Stephen - Perhaps you would explain why you think the 'Master of the Battlefield' was not a great general. Many generals won with much slaughter - to their own commands, others who had been through hell before, planned their actions with this in mind. Rommel and Montgomery - winners make great generals losers do not. Much is talked of which battles were important and which were sideshows. One piece of the jigsaw is missing? No overall picture - it really is that simple. Every skirmish, from section level up added to the outcome. 'Montgomery understood the army he was leading' - indeed he did, but it was his ability to understand his enemy - Monty often said to his CoS, De Guingand - 'if I were the Marshal, Freddie I would do this'.
     
  10. spidge

    spidge RAAF RESEARCHER Patron

    Good luck Wills however I do not like your chances of Stephen making a reply.
     
  11. Hamburg44

    Hamburg44 Junior Member

    Good luck Wills however I do not like your chances of Stephen making a reply.
    Dear Gentlemen,

    I think North-Africa was for a long time a efficent sideshow for the Germans.

    The Africa-Korps and some units of the Luftwaffe (about 5 % of the Wehrmachts manpower) managed to employ a great part of the best strike forces of the Commonwealth and the US-Army for a surprising long time. The contribution of the italien forces was very limited. Of course Alamain and Tunis (loss of some german 7 divisions and a lot of GHQ-troops)were a bitter defeat for the Axis. But the sideshow keeps British and US-Forces off Europe for about two years. Do not hesitate to compare the material and manpower strength in the Middle East and the logistical expenditure of both sides.

    Best wishes

    Hamburg44
     
  12. Jaeger

    Jaeger Senior Member

    Dear Gentlemen,

    I think North-Africa was for a long time a efficent sideshow for the Germans.

    The Africa-Korps and some units of the Luftwaffe (about 5 % of the Wehrmachts manpower) managed to employ a great part of the best strike forces of the Commonwealth and the US-Army for a surprising long time. The contribution of the italien forces was very limited. Of course Alamain and Tunis (loss of some german 7 divisions and a lot of GHQ-troops)were a bitter defeat for the Axis. But the sideshow keeps British and US-Forces off Europe for about two years. Do not hesitate to compare the material and manpower strength in the Middle East and the logistical expenditure of both sides.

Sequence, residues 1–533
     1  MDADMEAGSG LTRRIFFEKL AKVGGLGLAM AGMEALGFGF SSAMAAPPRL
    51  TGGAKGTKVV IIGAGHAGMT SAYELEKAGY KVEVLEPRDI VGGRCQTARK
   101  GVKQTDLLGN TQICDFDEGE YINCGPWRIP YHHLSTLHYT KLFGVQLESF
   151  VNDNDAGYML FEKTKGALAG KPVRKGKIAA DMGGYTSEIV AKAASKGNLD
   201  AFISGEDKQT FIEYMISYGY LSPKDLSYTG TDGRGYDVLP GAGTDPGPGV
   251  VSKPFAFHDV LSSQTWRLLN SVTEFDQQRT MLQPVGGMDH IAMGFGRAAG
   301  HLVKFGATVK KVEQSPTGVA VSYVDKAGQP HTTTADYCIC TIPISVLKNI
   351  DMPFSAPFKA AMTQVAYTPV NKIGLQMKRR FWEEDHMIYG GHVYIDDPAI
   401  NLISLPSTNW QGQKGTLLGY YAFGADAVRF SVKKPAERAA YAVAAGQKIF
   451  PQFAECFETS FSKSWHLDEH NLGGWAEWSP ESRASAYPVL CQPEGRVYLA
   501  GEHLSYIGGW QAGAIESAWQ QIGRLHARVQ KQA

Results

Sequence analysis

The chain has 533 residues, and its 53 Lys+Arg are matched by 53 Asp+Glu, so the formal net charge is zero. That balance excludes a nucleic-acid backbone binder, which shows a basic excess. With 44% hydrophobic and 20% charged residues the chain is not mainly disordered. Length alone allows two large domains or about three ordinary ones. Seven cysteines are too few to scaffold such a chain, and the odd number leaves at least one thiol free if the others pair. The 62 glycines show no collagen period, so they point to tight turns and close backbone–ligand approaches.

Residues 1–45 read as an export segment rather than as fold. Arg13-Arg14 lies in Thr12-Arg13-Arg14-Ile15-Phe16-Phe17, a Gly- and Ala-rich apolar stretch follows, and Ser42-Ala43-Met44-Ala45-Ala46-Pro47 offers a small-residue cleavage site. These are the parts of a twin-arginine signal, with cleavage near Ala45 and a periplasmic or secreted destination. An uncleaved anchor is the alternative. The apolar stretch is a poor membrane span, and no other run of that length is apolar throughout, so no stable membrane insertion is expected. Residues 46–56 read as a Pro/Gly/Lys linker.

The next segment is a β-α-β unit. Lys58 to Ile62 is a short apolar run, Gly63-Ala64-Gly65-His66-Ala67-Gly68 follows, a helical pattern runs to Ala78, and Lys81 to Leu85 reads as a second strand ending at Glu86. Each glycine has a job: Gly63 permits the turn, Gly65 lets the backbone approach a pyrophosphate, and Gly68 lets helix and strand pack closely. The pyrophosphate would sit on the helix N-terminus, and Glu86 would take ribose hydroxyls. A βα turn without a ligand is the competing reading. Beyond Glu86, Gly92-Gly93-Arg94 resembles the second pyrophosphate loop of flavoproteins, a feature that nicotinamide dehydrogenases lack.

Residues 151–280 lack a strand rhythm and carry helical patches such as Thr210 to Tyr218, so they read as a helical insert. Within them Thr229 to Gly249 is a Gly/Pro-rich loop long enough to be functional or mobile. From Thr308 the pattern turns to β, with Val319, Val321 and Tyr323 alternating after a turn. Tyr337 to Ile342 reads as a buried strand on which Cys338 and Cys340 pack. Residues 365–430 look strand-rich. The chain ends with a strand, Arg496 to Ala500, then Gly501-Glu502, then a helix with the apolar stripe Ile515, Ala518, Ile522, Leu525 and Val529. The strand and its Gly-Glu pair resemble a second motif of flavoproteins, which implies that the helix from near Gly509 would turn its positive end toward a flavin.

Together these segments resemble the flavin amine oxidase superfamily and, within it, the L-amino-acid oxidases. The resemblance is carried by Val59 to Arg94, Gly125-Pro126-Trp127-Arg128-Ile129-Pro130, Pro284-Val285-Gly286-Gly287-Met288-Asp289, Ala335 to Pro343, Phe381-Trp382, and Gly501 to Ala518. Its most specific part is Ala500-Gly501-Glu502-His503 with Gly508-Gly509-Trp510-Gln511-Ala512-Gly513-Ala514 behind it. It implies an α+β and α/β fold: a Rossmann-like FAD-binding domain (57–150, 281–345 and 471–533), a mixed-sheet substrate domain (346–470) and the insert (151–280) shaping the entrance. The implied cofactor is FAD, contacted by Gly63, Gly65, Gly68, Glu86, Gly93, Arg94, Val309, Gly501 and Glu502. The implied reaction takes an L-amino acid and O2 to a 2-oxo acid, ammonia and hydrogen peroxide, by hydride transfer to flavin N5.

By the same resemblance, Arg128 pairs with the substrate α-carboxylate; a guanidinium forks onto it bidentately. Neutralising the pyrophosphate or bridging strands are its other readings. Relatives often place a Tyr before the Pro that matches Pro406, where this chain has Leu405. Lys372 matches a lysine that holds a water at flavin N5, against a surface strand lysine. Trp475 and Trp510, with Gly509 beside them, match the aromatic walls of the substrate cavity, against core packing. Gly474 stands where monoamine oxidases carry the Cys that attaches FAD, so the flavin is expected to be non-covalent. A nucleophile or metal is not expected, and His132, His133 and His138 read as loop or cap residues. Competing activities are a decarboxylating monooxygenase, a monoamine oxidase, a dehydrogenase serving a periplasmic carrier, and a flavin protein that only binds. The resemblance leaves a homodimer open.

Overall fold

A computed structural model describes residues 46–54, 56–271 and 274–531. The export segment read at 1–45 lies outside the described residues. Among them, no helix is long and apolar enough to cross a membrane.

Best wishes

    Hamburg44

    I wonder by what measure you would call North Africa an efficient sideshow for the germans?

    1. The N. African theatre may have bound up a few number of german divisions, but the divisions were armoured or motorised divisions. It was the mobil divisions that the Germans relied on to do their manouvre warfare.

    2. The axis acheived nothing in the campaign. No lessons learned, or blooding of new men. This was the exact opposite for the allies. With the exeption of Brooke, Alex and Monty there were no (nil) commanders able to fight the germans an win before north africa. The campaign would see it's fair share of blunders, but the losses on the british side would be worth it. When the campaign was over the docrine and training in the British army was good enough to defeat the germans in battle.

    The same story, if not more important for the Americans who had nil experience of modern warfare.

    3. The Germans could not afford to fight an unnecessary campaign. The germans were short of equipment, let alone the motorised bits, clearly shown in the reorganisation of the armoured divisions. (removing a tank regiment.)

    This was more pronounced in a 'bling' campaign such as North Africa.